Operational Feasibility to determine the future of a new venture
An operational feasibility will involve the study of how effective a plan will be once it has been implemented. It will also outline proposals that will help the business to grow and solutions for problems that are bound to occur once the project is underway. What every businessman should be aware is the usability factor of any plan or project. Any project require workers and human resources to make it work and a feasibility study will explain how successfully a proposed scheme can work and solve problems that come up in the course of its implementation.
Support of the Management
An important aspect of operational feasibility is to find out the willingness of the particular organization to support a proposed scheme. This is not an easy thing to achieve because it means trying to understand the mind set of the management, and its commitment to the plan. This problem however will not arise if it’s the management itself that has come up with the proposed new plan. In such cases, it’s important to gauge the thinking of the workforce and how receptive they are to the proposed scheme. If drastic changes are to be made to the organizational structure, it’s imperative to find out what employees feel about it and how far they will go to accept these changes.
Current Mode of Operation
When carrying out an operational feasibility, it’s also necessary to make a study of the current mode of operation and how successful it has been so far and what changes are required to make it more viable and profitable. In such a scenario, the following questions need to be asked and answered before new operational methods and practices are put into place.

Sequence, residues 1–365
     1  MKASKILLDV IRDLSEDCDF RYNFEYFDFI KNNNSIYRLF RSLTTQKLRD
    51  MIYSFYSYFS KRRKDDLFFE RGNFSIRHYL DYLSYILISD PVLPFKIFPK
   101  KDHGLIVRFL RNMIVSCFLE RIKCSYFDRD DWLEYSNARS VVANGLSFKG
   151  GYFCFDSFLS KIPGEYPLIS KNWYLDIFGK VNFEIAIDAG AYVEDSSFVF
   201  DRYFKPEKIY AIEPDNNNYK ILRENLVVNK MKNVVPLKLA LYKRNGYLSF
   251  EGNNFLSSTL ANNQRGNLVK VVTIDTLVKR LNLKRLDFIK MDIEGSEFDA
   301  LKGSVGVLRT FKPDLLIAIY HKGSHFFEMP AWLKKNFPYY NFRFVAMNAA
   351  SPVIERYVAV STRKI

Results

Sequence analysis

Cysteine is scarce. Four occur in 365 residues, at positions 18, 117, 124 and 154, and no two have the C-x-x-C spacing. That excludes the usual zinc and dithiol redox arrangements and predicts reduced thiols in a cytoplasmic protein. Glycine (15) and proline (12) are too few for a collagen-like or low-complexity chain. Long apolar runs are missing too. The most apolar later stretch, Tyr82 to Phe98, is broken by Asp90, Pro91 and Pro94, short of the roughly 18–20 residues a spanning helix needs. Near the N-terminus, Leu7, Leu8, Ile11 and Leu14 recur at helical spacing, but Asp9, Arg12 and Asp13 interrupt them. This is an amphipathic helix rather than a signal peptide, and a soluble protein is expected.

- Does the current method in practices make use of the resources available when it comes to the skills of their employees, the time, and the information available?
- Are the managers and employees provided with sufficient and accurate information to do the work expected of them to their best capacity?
- Is the management provided with adequate information in obtaining the most cost-effective services for their business deals?
- Have the project planners looked into the possibility of reducing costs with hope of increasing profits?
- Does the current mode of service make it possible to provide a satisfactory and reliable service?
- Does it have a proposal to protect confidential information and safeguard the organization against frauds and scams?
- Is the proposed plan sufficiently flexible to be changed or expanded as and when the need arises?
- Are the current methods of working and procedures strong enough to support the new plan to be put in place?
- Will the plan be used if everything falls into place as outlined in the operational feasibility?
Acceptance by Employees
One of the major operational issues encountered when implementing a new plan or system is getting the employees to accept it. It’s important for the management to understand that manpower is the be all and end of all of any organization and getting the workers on the side of the management is crucial to the success of any project in its early stages. Whenever a new scheme is put into practice, employees tend to be extremely wary. Their biggest question would be how safe their jobs are and how easy or difficult it would be to adhere to the new rules and regulations implemented by the management.
Benefits to the Company
Another area that needs digging into is the viability of the proposed scheme and how much it will benefit the company and in what manner previous customers will accept the changes that are to be made. An operational feasibility must include in it a customer’s response to proposed changes and whether they will be happy about these changes or not. If customers are happy with current business practices and services provided, will they want drastic changes to be made and if so, how these changes can be introduced to the customer that will make them want to embrace the new methods and practices instead of rejecting them.
Operational feasibility should also make a study about the legal implications of a new venture especially if major changes are in the offing. Government regulations too must be gone into to ensure that no wrong or unethical practices are put into place. Studies should be carried out to iron out differences that are sure to come up between the management and workforce in a manner that is acceptable to everyone. Last but not least, any new project once implemented and developed should start showing profits at least in a couple of years and that would be proof enough of the success of the operational feasibility carried out.